Friday, February 22, 2019

Creativity Tips: Find Your Zelda

Picture this: I'm 22 years old, just graduated from the University of Missouri School of Journalism, and am driving back to Kansas City with my entire life packed into my old car. I have to go home, because there's no where else to go.* I have no job and no money.

I do, however, have a bonsai! That I've grown myself. Potted, wired, shaped, cultivated, loved.

And, on that long drive, the bonsai dies. Falls down and dies. Given the mood I'm in to begin with, I take the tree's death as a sign.  Not a good sign. All life, as we know it, is over. We're doomed.

DOOMED.

Now, flash forward 40 years.The hubby remembers me talking about the heartbreak over my much-loved bonsai. He researches bonsai nurseries in the KC area, then takes me out for Valentine's Day to select a new little tree.

WHOO HOO! Perfect present. Maybe I'll keep him.

I'm proud to introduce Zelda, the Zelkova elm. She survived repotting, and is now happily settling in to her new home. Too early for trimming and shaping, but ... watch out world. My bonsai shears are ready to go.


The ridiculous amount of pure joy I get every time I walk by Zelda reminds me of the power of creative adventures from our youth. What did you love to do when you were a kid, a teen, a 20-something? Did you fingerpaint? Bake? Dance? Write poetry?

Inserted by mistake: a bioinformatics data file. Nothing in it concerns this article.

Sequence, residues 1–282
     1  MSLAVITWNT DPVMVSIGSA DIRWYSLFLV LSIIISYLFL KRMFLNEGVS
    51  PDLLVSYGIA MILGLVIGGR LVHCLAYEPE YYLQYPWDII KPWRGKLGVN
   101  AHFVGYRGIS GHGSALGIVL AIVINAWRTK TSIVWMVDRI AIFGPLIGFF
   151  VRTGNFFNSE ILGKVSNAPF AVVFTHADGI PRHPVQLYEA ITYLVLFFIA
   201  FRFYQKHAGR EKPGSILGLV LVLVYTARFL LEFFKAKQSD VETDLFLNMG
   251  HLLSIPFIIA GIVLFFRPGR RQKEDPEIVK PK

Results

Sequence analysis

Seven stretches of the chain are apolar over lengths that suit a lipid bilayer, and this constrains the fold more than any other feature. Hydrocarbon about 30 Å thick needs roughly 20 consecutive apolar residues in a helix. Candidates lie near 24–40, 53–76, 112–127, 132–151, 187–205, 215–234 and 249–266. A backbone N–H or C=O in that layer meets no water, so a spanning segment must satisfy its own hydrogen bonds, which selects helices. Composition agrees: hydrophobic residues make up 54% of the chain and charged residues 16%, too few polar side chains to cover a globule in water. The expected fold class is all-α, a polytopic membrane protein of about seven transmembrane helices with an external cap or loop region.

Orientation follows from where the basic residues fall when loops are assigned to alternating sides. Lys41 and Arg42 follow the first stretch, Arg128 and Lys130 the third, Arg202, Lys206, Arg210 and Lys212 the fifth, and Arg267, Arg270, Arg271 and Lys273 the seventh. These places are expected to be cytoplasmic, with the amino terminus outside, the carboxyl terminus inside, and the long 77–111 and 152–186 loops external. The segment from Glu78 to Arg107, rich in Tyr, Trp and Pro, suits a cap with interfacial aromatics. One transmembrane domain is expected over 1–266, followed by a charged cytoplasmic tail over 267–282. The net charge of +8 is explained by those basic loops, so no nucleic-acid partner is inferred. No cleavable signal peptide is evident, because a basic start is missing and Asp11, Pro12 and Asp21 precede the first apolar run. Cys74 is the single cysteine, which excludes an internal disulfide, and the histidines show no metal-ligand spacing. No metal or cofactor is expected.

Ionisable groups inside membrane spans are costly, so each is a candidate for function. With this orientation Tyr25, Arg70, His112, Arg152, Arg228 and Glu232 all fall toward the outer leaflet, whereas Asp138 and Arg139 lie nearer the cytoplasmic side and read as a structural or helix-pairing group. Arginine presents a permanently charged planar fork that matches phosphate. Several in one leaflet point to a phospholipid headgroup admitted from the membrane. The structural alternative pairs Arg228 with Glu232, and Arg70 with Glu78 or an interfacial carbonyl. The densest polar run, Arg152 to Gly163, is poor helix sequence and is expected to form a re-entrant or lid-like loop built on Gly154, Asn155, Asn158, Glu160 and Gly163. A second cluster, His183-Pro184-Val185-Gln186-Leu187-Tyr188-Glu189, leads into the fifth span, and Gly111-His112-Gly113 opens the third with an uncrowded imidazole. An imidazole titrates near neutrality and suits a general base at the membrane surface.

Are you still doing it? If not, that's your assignment for the day: Find your Zelda.

*'Home is the place where, when you have to go there,
They have to take you in.'
Robert Frost, The Death of the Hired Man

Monday, February 18, 2019

Sorry for Your Lost: How to Help a Grieving Friend

First things first: The title is not a typo. Amid all the "sorry for your loss" messages I received after Mom died in November, I got one text that read, "Sorry for your lost." The friend who sent that speaks English as her second language, so I don't know if it was a typo or exactly the word she wanted.

Either way, it's perfect. "Sorry for your lost" made me feel better.